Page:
Henoch-Schonlein purpura, a small vessel vasculitis, primarily in children, has been associated with group A streptococci, parvovirus B19 and others infectious agents. Kawasaki disease, which affects medium-sized arteries, has been associated with viral agents [91], and polyarteritis nodosa is associated with hepatitis B virus [92].

Conclusion

Interaction between genes and environmental factors, particularly infectious agents appear to be involved in the development of autoimmune rheumatic diseases. Thus far, cigarette smoking and infectious agents causing periodontitis are clearly two environmental agents with the strongest evidence for interaction with genes (HLA-DRB1*SE) in the pathogenesis of RA. The definitive identification of infectious agents implicated in other autoimmune rheumatic diseases requires further investigations.

Abbreviations

ab:

Antibody

ACPA:

Anti-citrullinated peptide antibody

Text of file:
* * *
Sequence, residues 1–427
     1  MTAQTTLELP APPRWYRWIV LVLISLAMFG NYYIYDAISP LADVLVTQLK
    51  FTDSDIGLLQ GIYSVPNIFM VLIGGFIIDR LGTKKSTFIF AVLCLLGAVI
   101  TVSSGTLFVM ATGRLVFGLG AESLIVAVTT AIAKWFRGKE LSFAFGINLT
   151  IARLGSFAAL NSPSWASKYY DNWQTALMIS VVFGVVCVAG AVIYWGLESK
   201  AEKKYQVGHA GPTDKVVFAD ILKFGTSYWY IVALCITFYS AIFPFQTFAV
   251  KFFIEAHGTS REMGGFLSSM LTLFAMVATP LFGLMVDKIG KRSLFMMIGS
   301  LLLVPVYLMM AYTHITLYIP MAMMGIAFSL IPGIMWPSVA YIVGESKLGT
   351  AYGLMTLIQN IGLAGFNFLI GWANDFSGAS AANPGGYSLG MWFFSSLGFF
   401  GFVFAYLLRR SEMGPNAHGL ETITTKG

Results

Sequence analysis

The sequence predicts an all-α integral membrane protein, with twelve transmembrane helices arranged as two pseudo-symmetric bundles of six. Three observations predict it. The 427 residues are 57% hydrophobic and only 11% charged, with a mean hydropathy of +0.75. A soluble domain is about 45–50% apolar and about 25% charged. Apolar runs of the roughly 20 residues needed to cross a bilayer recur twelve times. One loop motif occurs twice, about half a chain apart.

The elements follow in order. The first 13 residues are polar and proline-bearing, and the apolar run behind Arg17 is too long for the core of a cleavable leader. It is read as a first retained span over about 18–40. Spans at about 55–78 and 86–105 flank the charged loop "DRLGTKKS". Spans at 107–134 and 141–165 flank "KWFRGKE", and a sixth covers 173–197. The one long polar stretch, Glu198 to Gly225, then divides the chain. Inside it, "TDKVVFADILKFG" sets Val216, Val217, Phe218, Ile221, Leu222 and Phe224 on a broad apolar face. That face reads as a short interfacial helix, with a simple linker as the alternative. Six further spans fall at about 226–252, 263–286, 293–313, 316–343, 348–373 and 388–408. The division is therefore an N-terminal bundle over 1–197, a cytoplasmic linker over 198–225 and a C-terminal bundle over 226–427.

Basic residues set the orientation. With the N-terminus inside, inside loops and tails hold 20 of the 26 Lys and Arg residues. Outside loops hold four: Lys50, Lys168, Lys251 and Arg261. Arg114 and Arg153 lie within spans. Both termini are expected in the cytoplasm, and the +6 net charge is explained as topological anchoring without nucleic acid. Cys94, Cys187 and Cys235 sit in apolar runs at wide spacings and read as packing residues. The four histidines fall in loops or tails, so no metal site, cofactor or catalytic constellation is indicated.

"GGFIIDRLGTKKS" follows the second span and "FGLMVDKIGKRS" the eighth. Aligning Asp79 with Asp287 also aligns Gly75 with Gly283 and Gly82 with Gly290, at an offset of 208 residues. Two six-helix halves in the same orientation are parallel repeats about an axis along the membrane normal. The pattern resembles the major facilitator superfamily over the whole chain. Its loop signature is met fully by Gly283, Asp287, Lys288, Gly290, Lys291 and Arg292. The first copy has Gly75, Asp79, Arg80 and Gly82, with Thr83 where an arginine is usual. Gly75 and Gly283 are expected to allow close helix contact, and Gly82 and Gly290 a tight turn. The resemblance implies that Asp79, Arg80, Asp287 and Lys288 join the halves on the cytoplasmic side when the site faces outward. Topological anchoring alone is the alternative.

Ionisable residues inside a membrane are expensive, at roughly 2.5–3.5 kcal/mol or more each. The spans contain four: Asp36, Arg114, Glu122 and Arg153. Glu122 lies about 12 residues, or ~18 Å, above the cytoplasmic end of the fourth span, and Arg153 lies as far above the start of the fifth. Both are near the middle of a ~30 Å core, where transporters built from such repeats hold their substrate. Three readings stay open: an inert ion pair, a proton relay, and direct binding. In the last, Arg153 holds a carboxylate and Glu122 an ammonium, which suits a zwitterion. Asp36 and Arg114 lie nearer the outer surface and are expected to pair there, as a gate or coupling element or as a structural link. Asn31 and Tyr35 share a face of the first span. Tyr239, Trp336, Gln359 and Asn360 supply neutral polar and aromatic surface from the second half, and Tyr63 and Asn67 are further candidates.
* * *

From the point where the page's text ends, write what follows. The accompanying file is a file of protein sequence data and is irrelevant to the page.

CEP-1:

Citrullinated α-enolase peptide-1

CIA:

Collagen-induced arthritis

EBV:

Epstein-Barr virus

EBNA-1:

EBV nuclear antigen-1

ELS:

Ectopic lymphoid follicle-like structures

GVHD:

Graft-versus-host disease

hCMV:

Human cytomegalovirus

HCV:

Hepatitis C virus

HTLV:

Human T cell leukemia virus

IFN:

Interferon

IL:

Interleukin

LAMP:

Lysosomal membrane protein-2

mCMV:

Murine cytomegalovirus

NET:

Neutrophil extracellular traps

PAD:

Peptidylarginine deiminase

RA:

Rheumatoid arthritis

SM:

Synovial membrane

SS:

Sjögren syndrome

SSc:

Systemic sclerosis

TLR:

Toll-like receptor

TNF:

Tumor necrosis factor

References

  1. 1.

    Hajas A, Sandor J, Csathy L, Csipo I, Barath S et al (2011) Vitamin D insufficiency in a large MCTD population. Autoimmun Rev 10:317–324

    CAS  Article  PubMed  Google Scholar 

  2. 2.

    Doria A, Sarzi-Puttini P, Shoenfeld Y (2008) Infections, rheumatism and autoimmunity: the conflicting relationship between humans and their environment. Autoimmun Rev 8:1–4

    Article  PubMed  Google Scholar 

  3. 3.

    Fujinami RS, von Herrath MG, Christen U, Whitton JL (2006) Molecular mimicry, bystander activation, or viral persistence: infections and autoimmune disease. Clin Microbiol Rev 19:80–94

    CAS  Article  PubMed  PubMed Central  Google Scholar 

  4. 4.

    Anaya JM (2012) Common mechanisms of autoimmune diseases (the autoimmune tautology). Autoimmun Rev 11:781–784

    CAS  Article  PubMed  Google Scholar